Knicks win laugher; their D is no joke
It’s tough to say whether it was the Wizards’ comically futile offense or the Knicks’ vigorous defense that contributed more Friday night to New York’s 103-65 romp.
But both teams probably would prefer to think it was the Knicks who were primarily responsible for Washington’s 27.8 percent shooting in its most lopsided defeat since March 2008.
Whatever was key to this laugher, the Knicks' new-and-improved defensive mindset under interim coach Mike Woodson is nothing to laugh at — and could signal they'll be a formidable foe in the playoffs.
“It’s fun out there playing basketball the way we’ve been playing, especially on the defensive end,” said Carmelo Anthony, who scored 18 points.
“It’s fun playing defense now, and guys see that. Guys, we thrive off of that and we thrive off of each other.”
In fact, since Woodson’s promotion following the departure of the offensive-minded Mike D’Antoni, the Knicks — who as recently as last season were one of the 10 worst defensive teams in the league — have climbed into the the top five in defensive efficiency.
In the 17 games since Woodson took over, New York has allowed just four opponents to score 100 points, while holding 10 opponents to less than 90 points. Not surprisingly, they’re 13-4 in that span.
“To be on the other side of that when you can’t score the basketball, I know that has to be difficult,” Anthony said. “But on the flip side . . . it’s fun to stop guys.”
Now New York will shift its attention to a Miami Heat team that, unlike Washington, will bring plenty of offense to the Garden on Sunday afternoon at 1 p.m. ET.
The Knicks are 9-0 at home under Woodson — a mark that will surely be put to the test by LeBron James & Co.
“We’ve been playing well here at home, and it’s going to take all 48 minutes for our players to really tune in and concentrate and play tough basketball,” Woodson said.
If they’re going to run that win streak to 10 in Sunday’s litmus test — or, more important, if they’re going to challenge the Heat in a potential playoff matchup down the road — the Knicks will need to depend on their D.
“I thought they dominated us when we were there,” Woodson said of his team’s two previous meetings with the Heat — a 99-89 loss in Miami on Jan. 27 and a 102-88 road loss Feb. 23.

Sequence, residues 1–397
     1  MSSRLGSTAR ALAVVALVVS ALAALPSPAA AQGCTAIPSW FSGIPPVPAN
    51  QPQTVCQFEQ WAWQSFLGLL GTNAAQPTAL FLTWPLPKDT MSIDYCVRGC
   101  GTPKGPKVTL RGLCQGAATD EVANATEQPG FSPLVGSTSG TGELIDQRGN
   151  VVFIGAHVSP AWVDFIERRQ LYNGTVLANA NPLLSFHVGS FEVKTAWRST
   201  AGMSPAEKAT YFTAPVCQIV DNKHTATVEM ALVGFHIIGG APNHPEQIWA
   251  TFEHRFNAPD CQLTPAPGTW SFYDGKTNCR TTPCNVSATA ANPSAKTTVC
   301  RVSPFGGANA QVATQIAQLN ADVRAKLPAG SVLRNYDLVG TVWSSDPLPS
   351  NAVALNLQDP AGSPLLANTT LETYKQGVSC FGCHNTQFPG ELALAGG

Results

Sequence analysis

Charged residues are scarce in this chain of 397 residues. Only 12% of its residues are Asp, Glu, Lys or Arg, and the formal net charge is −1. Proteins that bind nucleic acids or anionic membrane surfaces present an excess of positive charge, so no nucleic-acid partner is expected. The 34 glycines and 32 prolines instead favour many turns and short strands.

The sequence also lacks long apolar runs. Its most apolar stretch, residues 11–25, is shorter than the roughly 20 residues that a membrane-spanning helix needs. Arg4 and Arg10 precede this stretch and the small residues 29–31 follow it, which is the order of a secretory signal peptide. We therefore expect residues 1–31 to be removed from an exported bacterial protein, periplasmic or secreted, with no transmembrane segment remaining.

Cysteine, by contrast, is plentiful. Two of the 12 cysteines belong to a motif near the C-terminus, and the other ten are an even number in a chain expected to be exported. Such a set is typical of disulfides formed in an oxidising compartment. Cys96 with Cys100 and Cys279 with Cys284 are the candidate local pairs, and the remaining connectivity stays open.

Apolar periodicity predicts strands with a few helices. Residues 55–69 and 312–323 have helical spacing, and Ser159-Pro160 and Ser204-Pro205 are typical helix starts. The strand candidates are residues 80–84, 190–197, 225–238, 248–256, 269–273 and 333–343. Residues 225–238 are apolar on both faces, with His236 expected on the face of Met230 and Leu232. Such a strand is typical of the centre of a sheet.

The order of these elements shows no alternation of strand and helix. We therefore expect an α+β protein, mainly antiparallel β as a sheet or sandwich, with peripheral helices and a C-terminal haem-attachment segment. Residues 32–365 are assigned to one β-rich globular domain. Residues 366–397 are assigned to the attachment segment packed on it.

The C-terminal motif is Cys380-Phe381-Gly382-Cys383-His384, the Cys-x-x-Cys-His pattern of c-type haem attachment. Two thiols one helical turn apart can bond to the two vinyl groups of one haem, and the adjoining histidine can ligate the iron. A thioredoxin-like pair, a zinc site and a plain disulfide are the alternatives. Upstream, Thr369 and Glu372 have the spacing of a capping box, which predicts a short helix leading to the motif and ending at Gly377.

“Our games were fairly close during stretches, but I thought their defense overshadowed our defense, and that was the difference in Miami.
“Hopefully we will have learned from that. We’re a lot better, I think, defensively, and it’ll be a big test for our ball club.”
J.R. Smith led the Knicks with 23 points, while Baron Davis (celebrating his 33rd birthday) and Steve Novak added 18 each.
As for the 14-45 Wizards, Friday was another one of those nights, with the starting backcourt of John Wall and Jordan Crawford combining for a miserable 8-of-32 shooting.
“It’s embarrassing, is what it was,” Wizards coach Randy Wittman said.
“It looked like we were overwhelmed from the jump ball when we walked into the arena.”
The Wizards did manage one highlight-reel play on a blooper-reel kind of night — an alley-oop from Crawford to Wall, who jammed it home over Davis with 7:06 left in the third quarter.
But the next Washington field goal didn’t come until the 6:57 mark — of the fourth.
During that span of 12:09 — yes, the Wizards went the equivalent of more than a quarter without a field goal — a 17-point New York lead ballooned to 38, and a Garden-variety blowout turned into a laugher.
“That’s an incredible stat,” Knicks center Tyson Chandler (eight points, 15 rebounds) said of the Wizards' futility.
“My guys out there were playing great defense, they were all over the place communicating, talking, and that’s a sign of the growth that we’ve been having lately.”
At one point toward the end of the run, with the Wizards still stuck on 47 points, the Garden crowd even started chanting Washington’s point total.
“I was looking for a jersey,” Novak said. “Who’s No. 47?”
Novak said it with a laugh. But the Knicks' new defensive approach is no joke.